The Occoquan Reservoir, which supplies drinking water to about 600,000 Northern Virginians, is down to one of its lowest levels in recent times.

The reservoir held 5 billion gallons of water yesterday - 4.2 billion gallons less than at the same time a year ago.

Officials of the Fairfax County Water Authority, which owns the reservoir, said they would wait a week before considering any conservation measures.

"We think we have reason to be concerned," said James Warfield, the authority's public affairs director. "When the reservoir is down this low in the summer, it can't replenished that easily."

On the other hand, the Potomac River, the water supply for the District and a large part of suburban Maryland, is in better condition. While the drought in Virginia has lowered the Occoquan, close-to-normal rainfall in the Maryland part of the Potomac basin has maintained the flow of the river above critical levels.

If the dry spell in Virginia continues, the Occoquan's supply will shrink at an accelerated rate because the reservoir is shaped like an inverted pyramid.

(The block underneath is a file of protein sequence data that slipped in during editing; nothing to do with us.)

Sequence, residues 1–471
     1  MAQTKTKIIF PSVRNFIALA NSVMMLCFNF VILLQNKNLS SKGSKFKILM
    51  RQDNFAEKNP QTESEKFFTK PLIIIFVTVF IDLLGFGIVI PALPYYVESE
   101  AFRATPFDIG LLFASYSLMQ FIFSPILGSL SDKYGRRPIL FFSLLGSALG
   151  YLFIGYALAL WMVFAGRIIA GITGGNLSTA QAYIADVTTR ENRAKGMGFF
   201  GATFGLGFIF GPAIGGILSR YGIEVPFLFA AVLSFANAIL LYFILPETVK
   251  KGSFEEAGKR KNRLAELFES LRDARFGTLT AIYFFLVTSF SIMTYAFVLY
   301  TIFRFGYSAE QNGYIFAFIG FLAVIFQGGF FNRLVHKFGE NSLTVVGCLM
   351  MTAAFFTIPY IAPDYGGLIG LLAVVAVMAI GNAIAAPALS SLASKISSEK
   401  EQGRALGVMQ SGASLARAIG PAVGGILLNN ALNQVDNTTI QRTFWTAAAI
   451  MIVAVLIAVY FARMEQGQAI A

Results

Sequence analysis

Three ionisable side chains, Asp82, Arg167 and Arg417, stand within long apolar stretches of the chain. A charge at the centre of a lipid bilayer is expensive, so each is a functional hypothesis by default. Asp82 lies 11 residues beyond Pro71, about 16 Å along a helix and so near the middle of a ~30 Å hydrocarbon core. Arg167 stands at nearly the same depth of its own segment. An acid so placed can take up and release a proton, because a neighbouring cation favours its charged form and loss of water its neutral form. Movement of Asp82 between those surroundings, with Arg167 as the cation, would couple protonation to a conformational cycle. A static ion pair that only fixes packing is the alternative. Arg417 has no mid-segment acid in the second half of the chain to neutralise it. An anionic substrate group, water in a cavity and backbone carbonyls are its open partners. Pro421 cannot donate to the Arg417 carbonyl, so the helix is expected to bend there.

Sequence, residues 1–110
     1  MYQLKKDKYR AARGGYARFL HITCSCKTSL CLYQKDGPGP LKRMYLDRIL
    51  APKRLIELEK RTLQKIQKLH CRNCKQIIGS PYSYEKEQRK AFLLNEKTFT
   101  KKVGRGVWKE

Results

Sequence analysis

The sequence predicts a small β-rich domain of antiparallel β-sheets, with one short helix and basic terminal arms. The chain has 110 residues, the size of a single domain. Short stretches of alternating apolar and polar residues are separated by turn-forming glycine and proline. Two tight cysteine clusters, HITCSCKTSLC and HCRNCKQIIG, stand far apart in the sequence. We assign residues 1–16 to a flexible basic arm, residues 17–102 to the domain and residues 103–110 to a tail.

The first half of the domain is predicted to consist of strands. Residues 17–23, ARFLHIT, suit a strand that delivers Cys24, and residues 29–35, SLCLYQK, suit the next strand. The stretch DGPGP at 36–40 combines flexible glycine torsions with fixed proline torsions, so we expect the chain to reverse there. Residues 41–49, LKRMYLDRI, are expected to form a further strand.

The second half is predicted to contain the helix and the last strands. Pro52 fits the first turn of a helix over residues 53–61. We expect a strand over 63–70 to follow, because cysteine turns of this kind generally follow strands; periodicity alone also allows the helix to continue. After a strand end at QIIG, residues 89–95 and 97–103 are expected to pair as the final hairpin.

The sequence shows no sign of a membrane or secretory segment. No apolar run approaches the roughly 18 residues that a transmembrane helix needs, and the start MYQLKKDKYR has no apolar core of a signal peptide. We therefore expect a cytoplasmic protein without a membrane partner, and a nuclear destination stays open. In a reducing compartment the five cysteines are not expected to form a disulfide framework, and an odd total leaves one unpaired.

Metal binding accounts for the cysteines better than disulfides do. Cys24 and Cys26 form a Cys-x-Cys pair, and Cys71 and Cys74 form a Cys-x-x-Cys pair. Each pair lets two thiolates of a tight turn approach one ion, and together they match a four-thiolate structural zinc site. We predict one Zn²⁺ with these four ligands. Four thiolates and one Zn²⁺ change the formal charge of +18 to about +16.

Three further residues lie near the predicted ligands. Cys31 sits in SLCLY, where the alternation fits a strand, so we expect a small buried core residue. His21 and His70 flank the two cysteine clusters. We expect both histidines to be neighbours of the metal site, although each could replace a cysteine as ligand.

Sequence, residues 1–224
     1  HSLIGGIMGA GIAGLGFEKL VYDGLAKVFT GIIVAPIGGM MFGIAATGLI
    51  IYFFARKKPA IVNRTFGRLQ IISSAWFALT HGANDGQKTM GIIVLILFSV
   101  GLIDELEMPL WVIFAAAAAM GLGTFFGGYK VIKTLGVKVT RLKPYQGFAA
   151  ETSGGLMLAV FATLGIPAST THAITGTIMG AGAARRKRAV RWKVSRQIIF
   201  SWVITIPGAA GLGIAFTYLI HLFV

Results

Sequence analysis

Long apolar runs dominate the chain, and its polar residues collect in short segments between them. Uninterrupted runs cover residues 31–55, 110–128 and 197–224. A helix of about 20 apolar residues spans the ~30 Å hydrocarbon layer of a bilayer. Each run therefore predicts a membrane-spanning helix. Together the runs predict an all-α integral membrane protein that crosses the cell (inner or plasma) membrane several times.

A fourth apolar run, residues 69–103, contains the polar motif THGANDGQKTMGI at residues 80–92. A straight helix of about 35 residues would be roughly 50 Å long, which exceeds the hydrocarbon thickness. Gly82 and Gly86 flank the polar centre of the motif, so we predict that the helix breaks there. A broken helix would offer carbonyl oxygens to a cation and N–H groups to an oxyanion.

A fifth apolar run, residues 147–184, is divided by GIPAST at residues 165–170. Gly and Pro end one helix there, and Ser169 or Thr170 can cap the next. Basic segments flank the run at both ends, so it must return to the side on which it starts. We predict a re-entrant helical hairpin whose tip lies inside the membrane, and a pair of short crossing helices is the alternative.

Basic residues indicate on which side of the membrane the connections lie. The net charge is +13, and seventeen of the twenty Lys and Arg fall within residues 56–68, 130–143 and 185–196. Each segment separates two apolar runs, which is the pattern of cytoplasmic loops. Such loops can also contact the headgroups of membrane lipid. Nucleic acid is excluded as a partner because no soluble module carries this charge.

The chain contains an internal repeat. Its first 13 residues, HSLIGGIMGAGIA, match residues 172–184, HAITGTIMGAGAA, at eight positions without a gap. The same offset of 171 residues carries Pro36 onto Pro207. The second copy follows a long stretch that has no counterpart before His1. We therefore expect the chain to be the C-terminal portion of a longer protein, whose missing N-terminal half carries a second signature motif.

The present demand from the reservoir is about 65 million gallons daily. At that rate of usage, and with little or no rainfall, the reservoir would theoretically go dry in about 60 to 75 days. The normal dry season can continue as long as three more months.

A water supply committee appointed by the Fairfax Board of Supervisors is exploring alternative sources of water supply. One possible source is the Vulcan quarry adjacent to the Occaquan. It could impound about 1.4 billion gallons. The quarry could become available in a couple of years when stone extraction there is finished.